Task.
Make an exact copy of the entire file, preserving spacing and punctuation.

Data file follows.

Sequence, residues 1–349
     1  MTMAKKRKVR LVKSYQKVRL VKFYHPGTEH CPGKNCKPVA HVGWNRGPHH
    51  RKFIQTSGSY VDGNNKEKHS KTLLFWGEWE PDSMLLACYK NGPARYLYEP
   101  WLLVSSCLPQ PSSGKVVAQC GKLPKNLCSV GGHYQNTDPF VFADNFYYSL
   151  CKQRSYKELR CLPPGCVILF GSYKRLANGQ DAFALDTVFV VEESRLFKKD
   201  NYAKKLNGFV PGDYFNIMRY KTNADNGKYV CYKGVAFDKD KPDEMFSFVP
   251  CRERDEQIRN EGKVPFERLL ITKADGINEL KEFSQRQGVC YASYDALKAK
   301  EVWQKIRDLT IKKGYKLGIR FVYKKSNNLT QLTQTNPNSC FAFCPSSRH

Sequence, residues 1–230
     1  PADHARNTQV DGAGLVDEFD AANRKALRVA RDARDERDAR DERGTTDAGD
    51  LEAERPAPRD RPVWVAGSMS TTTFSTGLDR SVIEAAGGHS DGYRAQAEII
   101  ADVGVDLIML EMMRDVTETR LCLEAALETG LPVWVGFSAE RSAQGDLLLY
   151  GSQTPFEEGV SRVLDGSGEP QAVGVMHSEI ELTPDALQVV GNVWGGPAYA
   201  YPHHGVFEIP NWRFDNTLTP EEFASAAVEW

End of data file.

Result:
Sequence, residues 1–349
     1  MTMAKKRKVR LVKSYQKVRL VKFYHPGTEH CPGKNCKPVA HVGWNRGPHH
    51  RKFIQTSGSY VDGNNKEKHS KTLLFWGEWE PDSMLLACYK NGPARYLYEP
   101  WLLVSSCLPQ PSSGKVVAQC GKLPKNLCSV GGHYQNTDPF VFADNFYYSL
   151  CKQRSYKELR CLPPGCVILF GSYKRLANGQ DAFALDTVFV VEESRLFKKD
   201  NYAKKLNGFV PGDYFNIMRY KTNADNGKYV CYKGVAFDKD KPDEMFSFVP
   251  CRERDEQIRN EGKVPFERLL ITKADGINEL KEFSQRQGVC YASYDALKAK
   301  EVWQKIRDLT IKKGYKLGIR FVYKKSNNLT QLTQTNPNSC FAFCPSSRH

Sequence, residues 1–230
     1  PADHARNTQV DGAGLVDEFD AANRKALRVA RDARDERDAR DERGTTDAGD
    51  LEAERPAPRD RPVWVAGSMS TTTFSTGLDR SVIEAAGGHS DGYRAQAEII
   101  ADVGVDLIML EMMRDVTETR LCLEAALETG LPVWVGFSAE RSAQGDLLLY
   151  GSQTPFEEGV SRVLDGSGEP QAVGVMHSEI ELTPDALQVV GNVWGGPAYA
   201  YPHHGVFEIP NWRFDNTLTP EEFASAAVEW